On Wednesday, President Trump ended — in part — a humanitarian crisis of his own making. Under immense political pressure from all sides, he signed an executive order that put an end to the practice of forcibly separating asylum-seeking parents and children as they cross the Mexican border into the United States.
Now, they will still carry through with prosecutions but now say they will keep families together. They have no plan to immediately reunite the 2,300 children sitting in cages without their parents in detention centers.
“That’s not who we are,” says Upton. “Nor should it ever be who we are.”
Upton also talks about the moral and economic imperative to pass a comprehensive immigration overhaul.
Also on Wednesday, the newspapers here in Detroit reported the state of Michigan had begun taking in babies that have been separated from their parents at the border and placing the infants with foster parents.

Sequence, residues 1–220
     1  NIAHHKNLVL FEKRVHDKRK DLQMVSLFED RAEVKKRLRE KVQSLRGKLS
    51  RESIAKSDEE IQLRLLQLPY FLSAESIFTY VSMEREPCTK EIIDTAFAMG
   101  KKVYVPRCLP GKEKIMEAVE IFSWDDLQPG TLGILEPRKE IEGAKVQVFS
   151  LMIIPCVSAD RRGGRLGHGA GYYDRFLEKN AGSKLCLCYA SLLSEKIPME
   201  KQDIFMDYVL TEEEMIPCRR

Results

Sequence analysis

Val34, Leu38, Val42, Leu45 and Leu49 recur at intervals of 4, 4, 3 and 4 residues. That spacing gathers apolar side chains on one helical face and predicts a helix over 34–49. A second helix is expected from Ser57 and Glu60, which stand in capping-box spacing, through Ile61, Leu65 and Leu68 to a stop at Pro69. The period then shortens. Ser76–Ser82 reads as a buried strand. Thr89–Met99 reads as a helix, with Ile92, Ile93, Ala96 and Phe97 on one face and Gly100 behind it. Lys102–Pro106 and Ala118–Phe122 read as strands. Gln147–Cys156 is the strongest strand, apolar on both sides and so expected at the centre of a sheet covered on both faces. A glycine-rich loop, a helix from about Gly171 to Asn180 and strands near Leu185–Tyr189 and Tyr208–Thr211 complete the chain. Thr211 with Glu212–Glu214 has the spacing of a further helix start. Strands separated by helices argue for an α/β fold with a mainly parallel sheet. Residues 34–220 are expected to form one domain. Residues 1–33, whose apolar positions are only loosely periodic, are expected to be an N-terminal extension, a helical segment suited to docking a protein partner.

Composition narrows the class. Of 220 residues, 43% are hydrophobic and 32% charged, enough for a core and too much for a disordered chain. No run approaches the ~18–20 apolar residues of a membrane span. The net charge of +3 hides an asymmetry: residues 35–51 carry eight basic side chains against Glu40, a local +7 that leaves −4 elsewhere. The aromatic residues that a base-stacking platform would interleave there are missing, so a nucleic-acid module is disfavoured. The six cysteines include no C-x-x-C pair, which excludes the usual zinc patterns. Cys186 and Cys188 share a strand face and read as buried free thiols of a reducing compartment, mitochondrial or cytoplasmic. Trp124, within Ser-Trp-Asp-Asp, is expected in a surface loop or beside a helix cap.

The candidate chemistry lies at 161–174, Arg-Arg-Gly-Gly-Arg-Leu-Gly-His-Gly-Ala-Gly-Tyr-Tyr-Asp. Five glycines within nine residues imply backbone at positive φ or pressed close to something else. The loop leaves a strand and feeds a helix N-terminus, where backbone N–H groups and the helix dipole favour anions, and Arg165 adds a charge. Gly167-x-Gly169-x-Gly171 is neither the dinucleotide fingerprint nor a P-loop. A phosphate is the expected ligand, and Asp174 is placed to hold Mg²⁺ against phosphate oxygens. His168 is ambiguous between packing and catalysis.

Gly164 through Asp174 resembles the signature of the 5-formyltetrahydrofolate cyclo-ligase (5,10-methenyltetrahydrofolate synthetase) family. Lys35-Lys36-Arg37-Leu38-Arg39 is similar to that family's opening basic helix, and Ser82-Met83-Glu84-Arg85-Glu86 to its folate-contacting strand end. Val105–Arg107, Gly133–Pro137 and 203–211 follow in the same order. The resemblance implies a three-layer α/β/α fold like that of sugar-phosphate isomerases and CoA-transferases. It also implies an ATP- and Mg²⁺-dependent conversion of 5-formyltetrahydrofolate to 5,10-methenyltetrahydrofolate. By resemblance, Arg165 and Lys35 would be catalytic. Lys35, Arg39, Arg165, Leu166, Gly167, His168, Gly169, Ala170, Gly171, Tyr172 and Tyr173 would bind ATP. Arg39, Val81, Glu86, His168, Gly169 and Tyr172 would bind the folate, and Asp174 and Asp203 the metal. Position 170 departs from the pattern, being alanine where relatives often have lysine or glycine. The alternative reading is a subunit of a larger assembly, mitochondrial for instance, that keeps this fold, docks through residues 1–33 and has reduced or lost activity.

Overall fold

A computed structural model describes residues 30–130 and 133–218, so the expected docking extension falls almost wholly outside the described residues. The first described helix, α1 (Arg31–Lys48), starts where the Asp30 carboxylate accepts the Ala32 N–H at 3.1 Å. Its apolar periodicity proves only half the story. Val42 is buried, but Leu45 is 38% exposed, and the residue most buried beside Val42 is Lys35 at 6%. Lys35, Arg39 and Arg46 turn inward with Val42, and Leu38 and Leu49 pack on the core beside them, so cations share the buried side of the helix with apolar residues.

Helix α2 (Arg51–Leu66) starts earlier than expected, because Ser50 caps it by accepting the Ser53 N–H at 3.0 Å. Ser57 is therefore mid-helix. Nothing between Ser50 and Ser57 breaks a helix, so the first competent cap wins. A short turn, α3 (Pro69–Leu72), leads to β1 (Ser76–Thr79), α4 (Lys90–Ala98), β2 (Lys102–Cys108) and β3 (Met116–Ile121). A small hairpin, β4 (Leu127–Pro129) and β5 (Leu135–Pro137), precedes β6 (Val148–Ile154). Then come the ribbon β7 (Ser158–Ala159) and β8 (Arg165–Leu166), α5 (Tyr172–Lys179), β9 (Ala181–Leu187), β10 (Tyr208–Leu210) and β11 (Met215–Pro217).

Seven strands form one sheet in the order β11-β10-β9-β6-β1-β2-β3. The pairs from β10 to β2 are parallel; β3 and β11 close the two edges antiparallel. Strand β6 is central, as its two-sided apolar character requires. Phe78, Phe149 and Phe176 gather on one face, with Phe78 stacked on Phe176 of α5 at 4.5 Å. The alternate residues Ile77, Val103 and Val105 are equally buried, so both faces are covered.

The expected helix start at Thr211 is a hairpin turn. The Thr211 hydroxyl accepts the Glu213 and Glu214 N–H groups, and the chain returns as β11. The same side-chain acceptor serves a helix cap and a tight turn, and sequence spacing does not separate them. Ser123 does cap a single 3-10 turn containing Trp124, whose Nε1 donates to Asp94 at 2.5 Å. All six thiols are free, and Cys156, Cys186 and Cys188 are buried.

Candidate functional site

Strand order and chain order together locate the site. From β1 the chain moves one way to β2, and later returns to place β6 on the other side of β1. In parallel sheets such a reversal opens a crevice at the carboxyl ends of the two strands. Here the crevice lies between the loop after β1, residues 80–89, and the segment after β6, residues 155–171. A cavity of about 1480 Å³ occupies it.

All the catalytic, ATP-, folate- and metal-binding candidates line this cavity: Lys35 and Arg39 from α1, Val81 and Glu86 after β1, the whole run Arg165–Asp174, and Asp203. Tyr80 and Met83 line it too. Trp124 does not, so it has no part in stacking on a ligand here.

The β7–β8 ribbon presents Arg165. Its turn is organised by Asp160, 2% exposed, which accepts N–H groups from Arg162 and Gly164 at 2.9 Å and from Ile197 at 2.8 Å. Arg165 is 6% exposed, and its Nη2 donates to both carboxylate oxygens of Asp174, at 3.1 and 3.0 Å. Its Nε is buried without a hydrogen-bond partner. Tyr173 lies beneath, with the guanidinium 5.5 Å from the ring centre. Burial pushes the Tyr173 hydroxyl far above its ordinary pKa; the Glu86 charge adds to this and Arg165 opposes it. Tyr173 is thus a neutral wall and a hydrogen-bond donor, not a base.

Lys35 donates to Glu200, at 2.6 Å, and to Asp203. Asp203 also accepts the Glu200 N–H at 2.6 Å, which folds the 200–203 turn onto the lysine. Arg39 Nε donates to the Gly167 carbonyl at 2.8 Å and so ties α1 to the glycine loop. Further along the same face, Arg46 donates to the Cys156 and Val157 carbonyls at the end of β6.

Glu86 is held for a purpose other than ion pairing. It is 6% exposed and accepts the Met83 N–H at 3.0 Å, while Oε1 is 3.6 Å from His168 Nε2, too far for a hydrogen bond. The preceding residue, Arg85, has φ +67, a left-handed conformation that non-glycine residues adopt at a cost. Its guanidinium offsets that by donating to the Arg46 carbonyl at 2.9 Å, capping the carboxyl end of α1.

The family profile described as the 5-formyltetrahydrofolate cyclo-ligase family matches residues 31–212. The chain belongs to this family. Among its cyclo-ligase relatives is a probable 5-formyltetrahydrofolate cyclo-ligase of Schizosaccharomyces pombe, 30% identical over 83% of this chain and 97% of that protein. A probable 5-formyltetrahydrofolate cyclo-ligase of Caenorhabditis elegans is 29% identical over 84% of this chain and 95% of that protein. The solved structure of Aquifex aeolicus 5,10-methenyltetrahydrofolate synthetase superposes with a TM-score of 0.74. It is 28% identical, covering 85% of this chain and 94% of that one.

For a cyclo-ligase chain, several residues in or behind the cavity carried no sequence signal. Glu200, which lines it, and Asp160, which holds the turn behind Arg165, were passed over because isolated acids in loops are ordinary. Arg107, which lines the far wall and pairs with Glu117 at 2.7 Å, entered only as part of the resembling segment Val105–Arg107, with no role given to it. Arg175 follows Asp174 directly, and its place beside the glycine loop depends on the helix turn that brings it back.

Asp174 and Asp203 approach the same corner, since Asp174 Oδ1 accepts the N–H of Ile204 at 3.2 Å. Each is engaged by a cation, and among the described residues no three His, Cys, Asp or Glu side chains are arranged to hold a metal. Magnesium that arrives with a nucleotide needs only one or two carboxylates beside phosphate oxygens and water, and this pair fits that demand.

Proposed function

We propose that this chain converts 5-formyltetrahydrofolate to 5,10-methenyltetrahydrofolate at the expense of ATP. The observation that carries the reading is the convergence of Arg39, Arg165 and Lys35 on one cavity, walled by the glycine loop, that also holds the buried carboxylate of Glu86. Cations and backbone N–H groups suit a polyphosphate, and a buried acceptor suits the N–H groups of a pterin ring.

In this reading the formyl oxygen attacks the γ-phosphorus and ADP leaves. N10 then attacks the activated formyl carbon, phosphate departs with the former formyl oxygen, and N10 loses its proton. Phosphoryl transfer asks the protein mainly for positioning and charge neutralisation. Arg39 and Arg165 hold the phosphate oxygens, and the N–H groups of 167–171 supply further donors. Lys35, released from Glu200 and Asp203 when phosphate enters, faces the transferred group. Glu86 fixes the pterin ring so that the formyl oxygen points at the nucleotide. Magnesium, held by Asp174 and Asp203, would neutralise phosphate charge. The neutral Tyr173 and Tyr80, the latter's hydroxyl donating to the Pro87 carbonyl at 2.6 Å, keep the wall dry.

The American Academy of Pediatrics has come out firmly against the practice of separating children from the asylum seeking parents.
Henderson speaks with Dr. Teresa Holtrop, president of Michigan chapter of American Academy of Pediatrics. She says the practice of family separation amounts to government-sanctioned child abuse.
“Is that really the intent of the government? I’m sure it is not,” says Holtrop. “But there is strong, strong research out there that the effects of the stress (on children) are not just transient, it’s a toxic stress…If we believe we’re a country that has moral obligations, we really need to step forward and say this is not right.”
“We’re not just punishing the children, we’re harming the children,” she continues, saying there needs to be re-unification with parents “as soon as possible.”
Click on the audio player above to hear the full conversation.